25 Allusion Sentence Examples and Figure of Speech Activities
Practicing figurative language can be a challenge for some learners. Teaching it in a way that is accessible for everyday life requires a bit of creativity and a lot of patience! These clear allusion sentence examples can help you get started.
Any English language study will necessarily include figurative language. The use of allusion creates a unique opportunity to expand the way we communicate. In fact, I like to teach that it can be a kind of work of art using language as the medium.
The Value Of Figurative Language Activities
For some children, figurative language can be a significant challenge. For example, children with learning differences often find figurative language to be a source of confusion and concern.
In order to help, it is essential to create activities that bring real life language into practice.
Examples of figurative language activities to support a struggling learner
- Studying song lyrics
- Reciting poetry
- Describe a favorite work of art
- Text messages with similes using emojis
More Figurative Language Activities are available HERE.
Examples Of Sentences Using Allusion
These sentences are excellent examples to get a learner started in understanding bow to use allusion in figurative language.
- Sam is young and hungry for success.
- The smell of donuts is like kryptonite to me.
- She showed up looking like Venus.
- That was always my Achilles’ heel.
- I wish I could just click my heels and be back home.
- You’re carrying the weight of the world on your shoulders.
- If I’m not home by curfew, I might turn into a pumpkin.
- He felt like he won a golden ticket.
- It’s like I’m pushing a boulder uphill every day.
- Getting him to decide is like pulling a sword out of a stone.
- That girl is the Einstein of his math class.
- We call my aunt’s mean dog he who must not be named.
- Now might be a good time to put on my thinking cap.
- You can’t beat listening to the king. Elvis Presley is a god.
- It is hot as Hades in here without the AC.
- My son is the Shakespeare of his school. He has done so many plays.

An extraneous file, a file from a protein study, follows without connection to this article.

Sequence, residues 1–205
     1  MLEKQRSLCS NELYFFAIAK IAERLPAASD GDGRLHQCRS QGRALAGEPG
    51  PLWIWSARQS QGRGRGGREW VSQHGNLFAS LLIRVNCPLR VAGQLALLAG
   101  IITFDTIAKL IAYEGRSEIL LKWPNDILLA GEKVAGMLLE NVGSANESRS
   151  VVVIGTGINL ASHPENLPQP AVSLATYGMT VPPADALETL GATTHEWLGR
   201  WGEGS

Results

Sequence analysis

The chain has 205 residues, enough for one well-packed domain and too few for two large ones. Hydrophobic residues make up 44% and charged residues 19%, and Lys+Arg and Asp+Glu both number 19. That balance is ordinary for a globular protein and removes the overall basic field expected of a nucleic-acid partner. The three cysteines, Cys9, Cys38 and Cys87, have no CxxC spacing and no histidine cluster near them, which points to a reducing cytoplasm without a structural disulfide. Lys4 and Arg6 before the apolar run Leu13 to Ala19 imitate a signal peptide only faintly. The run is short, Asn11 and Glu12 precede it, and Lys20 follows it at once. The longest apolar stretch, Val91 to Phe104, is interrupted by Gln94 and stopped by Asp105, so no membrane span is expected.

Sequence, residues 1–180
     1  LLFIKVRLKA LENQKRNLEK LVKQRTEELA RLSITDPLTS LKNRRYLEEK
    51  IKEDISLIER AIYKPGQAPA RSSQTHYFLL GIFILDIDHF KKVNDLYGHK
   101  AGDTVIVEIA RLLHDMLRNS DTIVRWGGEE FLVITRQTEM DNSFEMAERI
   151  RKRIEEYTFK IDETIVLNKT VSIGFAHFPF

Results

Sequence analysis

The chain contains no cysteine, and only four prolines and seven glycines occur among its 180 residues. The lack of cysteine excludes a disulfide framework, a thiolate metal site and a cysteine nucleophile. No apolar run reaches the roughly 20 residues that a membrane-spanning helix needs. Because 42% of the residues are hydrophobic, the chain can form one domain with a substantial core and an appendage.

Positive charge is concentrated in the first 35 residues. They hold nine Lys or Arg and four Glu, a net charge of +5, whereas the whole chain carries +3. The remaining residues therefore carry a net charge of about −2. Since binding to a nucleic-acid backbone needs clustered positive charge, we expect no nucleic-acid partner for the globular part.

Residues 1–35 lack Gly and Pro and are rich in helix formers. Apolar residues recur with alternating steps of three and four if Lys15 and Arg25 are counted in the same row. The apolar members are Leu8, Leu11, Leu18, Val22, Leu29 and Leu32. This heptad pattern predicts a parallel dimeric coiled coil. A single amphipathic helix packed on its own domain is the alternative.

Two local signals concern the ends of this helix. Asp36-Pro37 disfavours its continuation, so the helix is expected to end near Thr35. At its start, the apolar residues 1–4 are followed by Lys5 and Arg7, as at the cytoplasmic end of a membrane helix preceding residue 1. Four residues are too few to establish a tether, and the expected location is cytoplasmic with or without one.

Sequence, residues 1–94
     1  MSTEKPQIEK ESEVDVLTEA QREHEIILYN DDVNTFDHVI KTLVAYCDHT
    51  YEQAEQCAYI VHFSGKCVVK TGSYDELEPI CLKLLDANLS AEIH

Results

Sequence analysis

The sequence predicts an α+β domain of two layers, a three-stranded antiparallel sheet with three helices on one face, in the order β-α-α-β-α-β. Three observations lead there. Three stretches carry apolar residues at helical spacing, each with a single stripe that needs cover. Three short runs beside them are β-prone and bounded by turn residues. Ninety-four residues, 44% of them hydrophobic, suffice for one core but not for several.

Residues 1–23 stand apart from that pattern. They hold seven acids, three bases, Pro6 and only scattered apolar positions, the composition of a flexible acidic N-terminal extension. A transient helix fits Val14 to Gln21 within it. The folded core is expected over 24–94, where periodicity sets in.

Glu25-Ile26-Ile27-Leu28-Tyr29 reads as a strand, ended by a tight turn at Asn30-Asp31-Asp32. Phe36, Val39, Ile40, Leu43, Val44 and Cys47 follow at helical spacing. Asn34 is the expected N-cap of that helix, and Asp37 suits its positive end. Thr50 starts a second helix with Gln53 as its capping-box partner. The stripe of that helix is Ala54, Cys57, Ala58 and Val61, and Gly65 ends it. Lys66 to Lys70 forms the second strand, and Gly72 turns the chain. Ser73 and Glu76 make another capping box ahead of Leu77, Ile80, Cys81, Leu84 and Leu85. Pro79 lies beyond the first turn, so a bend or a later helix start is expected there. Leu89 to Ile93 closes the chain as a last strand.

- It took a Herculean effort for her to learn to read.
- It’s like opening Pandora’s box when you try to figure this out.
The Difference Between Allusion and Illusion
Although the terms illusion and allusion sound similar, they are not the same. Many learners struggle with this and will often mix them up.
They are also so close in terms of their spelling, it only adds to the confusion. Let’s define each and illustrate their differences.
An allusion is a reference, typically brief, to a person, place, thing, event, or other literary work with which the reader is presumably familiar. As a literary device, allusion allows a writer to compress a great deal of meaning and significance into a word or phrase. However, allusions are only effective to the extent that they are recognized and understood by the reader, and that they are properly inferred and interpreted by the reader. If an allusion is obscure or misunderstood, it can lose effectiveness by confusing the reader.LiteraryDevices.net
There are five main types of allusion:
- Historical Allusion
- Mythological Allusion
- Literary allusion
- Religious Allusion
- Cultural Allusion
An illusion is a false illustration of something, a deceptive impression, or a false belief. Literally speaking, an illusion is something that is false and not factual. It tricks the human brain into thinking an unreal into a real. In other words, it is meant to mislead the perception of readers, and deceive their senses. Writers deceive readers’ sense of sight, touch, taste, and sounds, making them imagine what is happening, by illustrating certain details.LiteraryDevices.net
When helping students understand the concept of allusion, it may be helpful to blatantly distinguish between the two, in order to avoid any future confusion.
Additional Resources For Language Arts Study
- 17 Figurative Language Activities For Middle School And High School
- Learning Language Arts Through Literature For My Dyslexic Child
- A Creative and Flexible Approach To Language Arts
Shawna Wingert is a former training and development professional turned education specialist, and has homeschooled her two children for the last ten years.Shawna has written four books about homeschooling unique learners and has been featured in homeschooling discussions on Today.com, The Mighty, Simple Homeschool, My Little Poppies and Raising Lifelong Leaners.
You can find her online here at DifferentByDesignLearning.com.